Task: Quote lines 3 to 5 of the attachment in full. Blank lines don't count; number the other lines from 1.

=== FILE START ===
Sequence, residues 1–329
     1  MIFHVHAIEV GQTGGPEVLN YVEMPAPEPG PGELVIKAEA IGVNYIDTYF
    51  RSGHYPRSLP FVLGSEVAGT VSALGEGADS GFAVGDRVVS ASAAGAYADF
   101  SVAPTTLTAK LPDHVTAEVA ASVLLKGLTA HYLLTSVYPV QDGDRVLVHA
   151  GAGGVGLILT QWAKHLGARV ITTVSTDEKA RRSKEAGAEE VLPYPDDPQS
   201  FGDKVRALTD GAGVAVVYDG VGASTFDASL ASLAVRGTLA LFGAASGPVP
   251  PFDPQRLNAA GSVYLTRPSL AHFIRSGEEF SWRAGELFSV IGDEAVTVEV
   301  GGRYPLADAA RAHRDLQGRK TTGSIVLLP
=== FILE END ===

    51  RSGHYPRSLP FVLGSEVAGT VSALGEGADS GFAVGDRVVS ASAAGAYADF
   101  SVAPTTLTAK LPDHVTAEVA ASVLLKGLTA HYLLTSVYPV QDGDRVLVHA
   151  GAGGVGLILT QWAKHLGARV ITTVSTDEKA RRSKEAGAEE VLPYPDDPQS